# Monte-Carlo Simulation to find the probability of Coin toss in python In this article, we will be learning about how to do a Monte-Carlo Simulation of a simple random experiment in Python.

Note: Monte Carlo Simulation is a mathematically complex field. So we have not gone into the details of the MC. Instead, we have used some intuitions and examples to understand the need and implementation of Monte Carlo simulation, making it easier for people with little mathematical background to get a taste of probability without much of the maths stuff.

## Monte-Carlo Simulation in Python

First, we will simulate the coin toss experiment using the Random library and build up the intuition to Monte Carlo Experimentation.

### 1. The random module

First we import the random module.

```# Import the random module
import random
```

We will be extensively using the uniform function from the random module. This function gives us a number between the lower and the upper bounds provided by the user. The probability of occurrence of each number between the upper and lower bound is equal.

```# Generates uniform random number between 4 and 6
random.uniform(4, 6)
```

Output:

```5.096077749225385
```

Now we simulate a simple coin toss using this uniform function. We have told that the chance of occurrence of each number between the lower and upper bound is equal.

So if we take a uniform value between 0 and 1, a number has an equal chance of being greater than 0.5 and less than 0.5. We take this feature to our advantage. We take a random number from 0 to 1. If the number is greater than 0.5, the result is Heads else it is Tails.

```a = random.uniform(0, 1)

if a>0.5:
else:
print("Tail")
```

Output:

```Head
```

### 2. Define a function to simulate a unbiased coin toss

Now let us turn our knowledge from the previous section to write a function to simulate an unbiased coin toss. Writing a function will make our code more readable and more modular.

```def unbiased_coin_toss():
# Generate a random number from 0 to 1
x = random.uniform(0, 1)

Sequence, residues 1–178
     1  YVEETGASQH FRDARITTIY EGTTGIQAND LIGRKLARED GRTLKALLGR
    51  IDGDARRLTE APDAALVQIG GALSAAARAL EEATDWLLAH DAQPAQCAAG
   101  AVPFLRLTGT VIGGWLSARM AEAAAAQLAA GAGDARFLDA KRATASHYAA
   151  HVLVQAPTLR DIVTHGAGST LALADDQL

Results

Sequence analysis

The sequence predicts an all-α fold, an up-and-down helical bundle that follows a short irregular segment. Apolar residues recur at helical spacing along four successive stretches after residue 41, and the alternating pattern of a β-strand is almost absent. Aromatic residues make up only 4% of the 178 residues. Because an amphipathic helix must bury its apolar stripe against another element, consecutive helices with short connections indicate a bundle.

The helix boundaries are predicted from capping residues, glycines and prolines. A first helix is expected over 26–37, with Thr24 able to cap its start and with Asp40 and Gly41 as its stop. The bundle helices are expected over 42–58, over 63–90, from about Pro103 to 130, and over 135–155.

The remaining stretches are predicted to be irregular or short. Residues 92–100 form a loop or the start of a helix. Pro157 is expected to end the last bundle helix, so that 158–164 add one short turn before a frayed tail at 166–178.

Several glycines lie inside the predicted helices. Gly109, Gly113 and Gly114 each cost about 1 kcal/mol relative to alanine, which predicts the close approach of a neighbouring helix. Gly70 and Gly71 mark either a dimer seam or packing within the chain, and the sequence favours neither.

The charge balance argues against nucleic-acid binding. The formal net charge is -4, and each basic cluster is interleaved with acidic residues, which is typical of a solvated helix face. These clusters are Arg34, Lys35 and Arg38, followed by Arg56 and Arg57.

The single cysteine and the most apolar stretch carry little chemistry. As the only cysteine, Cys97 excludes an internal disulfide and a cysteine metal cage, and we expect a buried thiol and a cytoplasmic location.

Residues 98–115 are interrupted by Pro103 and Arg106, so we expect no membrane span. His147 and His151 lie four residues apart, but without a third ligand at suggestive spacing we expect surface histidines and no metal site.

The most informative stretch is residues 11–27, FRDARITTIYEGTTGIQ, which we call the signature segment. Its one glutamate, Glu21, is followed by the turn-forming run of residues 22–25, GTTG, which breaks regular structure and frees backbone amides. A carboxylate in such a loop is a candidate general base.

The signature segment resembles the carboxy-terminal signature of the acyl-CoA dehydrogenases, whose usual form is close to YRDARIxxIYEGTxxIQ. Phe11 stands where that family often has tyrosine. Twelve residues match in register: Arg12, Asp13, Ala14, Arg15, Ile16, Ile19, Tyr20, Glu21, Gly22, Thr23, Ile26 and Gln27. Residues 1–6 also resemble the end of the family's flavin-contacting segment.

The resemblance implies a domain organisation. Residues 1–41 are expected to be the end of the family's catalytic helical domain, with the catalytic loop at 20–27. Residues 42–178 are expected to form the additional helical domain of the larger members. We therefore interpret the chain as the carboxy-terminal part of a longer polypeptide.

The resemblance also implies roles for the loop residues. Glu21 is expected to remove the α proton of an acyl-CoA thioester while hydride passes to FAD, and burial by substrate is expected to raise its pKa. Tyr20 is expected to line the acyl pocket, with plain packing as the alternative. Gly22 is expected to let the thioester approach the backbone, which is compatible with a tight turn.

# Probability that the number falls between 0 and 0.5 is 1/2

if x > 0.5:
return True
else:
# Tails for False
return False
```

Let us test the outcome of the function.

```for i in range(10):
print(unbiased_coin_toss())
```

Output:

```False
True
False
False
False
False
True
False
False
False
```

### 3. Toss the coin for a small number of times

Now that we have simulated a real coin toss. Let us test the probability of heads in series of random coin tosses. Practically thinking, we have defined a function that gives a heads or tails on each call.

Now toss the coin for a number of times and store the results in a list. The probability of heads is calculated from the list.

```N=10

# List to store the result(True/False)
results = []

# Toss the coin 10 times and store that in a list
for i in range(N):
result = unbiased_coin_toss()
results.append(result)

# Find the total number of heads

# Find probability of heads in the experiment

```

Output:

```Probability is 0.9
```

Oops!! This did not quite seem to work out. You can run this block multiple times but you will find the probability of heads in our experiment vary by a large amount from the expected probability of 0.5.

### Is there a problem with our simulation?

Truth be told both yes and no. You might think that the function that we have defined earlier did not work perfectly which led us to this imperfect set of results. The actual problem is in how we simulate the process.

By the law of large numbers, the experimental probability becomes close to the actual/expected probability when the number of experiments is large.

The above explanation seems a bit weird. We won’t go into mathematical proofs or hypothesis to verify this but base our idea on simple intuition.

Suppose you are given the job of finding the probability of wheat consumption in India. In an ideal situation, you are required to go to each person and ask them if they consume wheat. The probability of wheat consumption will be:

But asking 1.3 Billion people is a tedious task. So you take a hundred people representing the whole population of the country and do the experiment on them. The task of finding probability becomes a lot easier to do. But does it?

If you take more people from wheat consuming states like Punjab and fewer people from less wheat consuming state like West Bengal, or vice versa you might find your experimental probability off by quite a bit.

This happens because the 100 people you randomly chose for your experiment cannot properly represent the whole population. So the result is always error-prone.

The same idea applies to our coin-tossing game. We didn’t do enough amount of coin tosses and reached a hasty solution. Let’s fix that!!!

### Perform Monte-Carlo Simulation in Python

Monte-Carlo Simulation is one of the best ways to come around this problem.

Naively speaking, in a Monte-Carlo Simulation, you take different experiment results from values starting with different input values and average(expectation) of the results.

The resulting average is error-free(less error-prone) answer we are looking for here.

```prob = []

# Make 1000 experiments
for i in range(1000):

# Each experiment have 10 coin tosses
N = 10
results = []

# Toss the coin 10 times and store that in a list
for i in range(N):
result = unbiased_coin_toss()
results.append(result)

# average the probability of heads over 1000 experiments

```Probability is 0.502